I’ve been doing some work on my old Smartchive site, developing a mash-up of an online class from University of California Berkeley, Introduction to Non-Violence, the Claroline open source learning management system, Wikipedia, and Youtube. You can check it out, if you’d like. It’s at http://www.smartchive.com/s.
Well, we all have times when we can take information from other disciplines, and apply them to our own. And this is one for me.
The lesson that I was working on discussed the work of Kenneth Boulding, who wrote a book called “The Three Faces of Power“. In his book, Kenneth writes of the three types of power:
- Destructive: Power based upon force. The fist
- Economic: Based upon the amount of resources a person/organization has. Using exchange to make others do things. The carrot.
- Integrative: The capacity to obtain what we need and want, in concert with others. The handshake.
I’d argue that most airlines actually use destructive power as much as they do economic power. The penalties for changing flights or high pricing for last minute flying is more than economic power. They airlines are taking advantage of the power they hold in being the most efficient way to get you where you need to go.
It’s interesting to see that when Southwest comes into an airport, the ability of the other airlines to practice this type of power diminishes greatly. If force is used, the oppressed will revolt when an alternative becomes available.
Wal-Mart is the king of using economic power with their purchasing department. If you want to sell with Wal-Mart, you are going to have to succumb to their hard core negotiation strategy.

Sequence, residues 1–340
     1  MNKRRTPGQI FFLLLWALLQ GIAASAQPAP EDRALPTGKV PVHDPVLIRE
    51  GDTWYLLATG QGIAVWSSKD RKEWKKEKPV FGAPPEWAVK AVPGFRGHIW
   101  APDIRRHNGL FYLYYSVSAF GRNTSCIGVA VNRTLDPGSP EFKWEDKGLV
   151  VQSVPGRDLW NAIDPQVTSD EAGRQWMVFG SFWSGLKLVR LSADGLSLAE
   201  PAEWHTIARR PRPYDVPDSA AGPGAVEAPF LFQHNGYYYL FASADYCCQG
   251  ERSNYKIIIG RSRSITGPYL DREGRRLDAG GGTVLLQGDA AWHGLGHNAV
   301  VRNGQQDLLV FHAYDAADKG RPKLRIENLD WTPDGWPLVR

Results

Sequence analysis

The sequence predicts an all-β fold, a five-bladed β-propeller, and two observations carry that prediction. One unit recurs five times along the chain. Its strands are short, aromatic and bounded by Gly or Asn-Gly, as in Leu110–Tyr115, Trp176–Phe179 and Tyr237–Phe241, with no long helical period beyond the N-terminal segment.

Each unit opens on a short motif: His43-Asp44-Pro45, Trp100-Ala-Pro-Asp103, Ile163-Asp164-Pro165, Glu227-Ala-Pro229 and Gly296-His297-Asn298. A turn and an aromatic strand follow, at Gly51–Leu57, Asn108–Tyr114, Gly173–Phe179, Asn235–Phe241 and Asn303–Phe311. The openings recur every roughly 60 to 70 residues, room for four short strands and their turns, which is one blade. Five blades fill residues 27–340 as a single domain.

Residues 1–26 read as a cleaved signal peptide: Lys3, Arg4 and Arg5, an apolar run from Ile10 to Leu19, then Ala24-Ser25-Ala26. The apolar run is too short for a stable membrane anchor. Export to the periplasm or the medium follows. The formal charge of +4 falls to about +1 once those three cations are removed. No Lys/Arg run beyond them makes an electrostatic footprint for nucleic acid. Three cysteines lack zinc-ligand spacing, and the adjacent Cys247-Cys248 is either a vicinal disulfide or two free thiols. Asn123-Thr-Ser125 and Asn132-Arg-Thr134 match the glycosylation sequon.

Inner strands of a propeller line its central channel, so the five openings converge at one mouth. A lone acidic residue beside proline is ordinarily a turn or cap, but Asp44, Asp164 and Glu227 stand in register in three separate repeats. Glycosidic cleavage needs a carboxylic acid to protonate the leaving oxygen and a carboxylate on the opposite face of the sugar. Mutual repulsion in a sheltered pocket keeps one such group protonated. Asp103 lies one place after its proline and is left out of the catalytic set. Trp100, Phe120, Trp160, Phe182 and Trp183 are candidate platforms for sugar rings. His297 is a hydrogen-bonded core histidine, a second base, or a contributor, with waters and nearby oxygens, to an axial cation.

I’m going to focus on integrative power for the rest of this post, because I haven’t been exposed to this term before, yet it is evident to me that it is the most important type of power for long term sales success.
Integrative power involves both sides working together for a mutual goal. The best outcome for an integrated solution is for both sides to win, the second best outcome is for both sides to suffer equally. Integrated power involves persuasion versus coercion, and because of this, both sides feel as they are on the same page.
I think integrative power is the Nirvana of a sales relationship. Your customers realize that you are in this for their and your mutual benefit, and your customers realize that if they squeeze every bit of profit out of you, you’ll either not stay in business, or resent having their business.
It’s funny, and totally organic, but in the 15 years I’ve been in sales, I’ve found that I’ve pretty much drifted away from all of the customers who have either used force or economic power in negotiations. When I have engineers or managers come from out of town to meet my clients, they often comment on how nice my customers are. Part of that is a by product of my customer base, Federal Civilian Agencies, but also it has been a part of a natural selection process that has driven me to customers who work with me.
I’m working on another post right now, but I felt it was more appropriate to add this here. One of the things I’ve seen is that in the long term, relationships based solely on economic values almost always fail as well. I think this is largely to desperation from the standpoint of the seller, who negotiates at such a thin margin that it becomes difficult to satisfy the customer after the sale.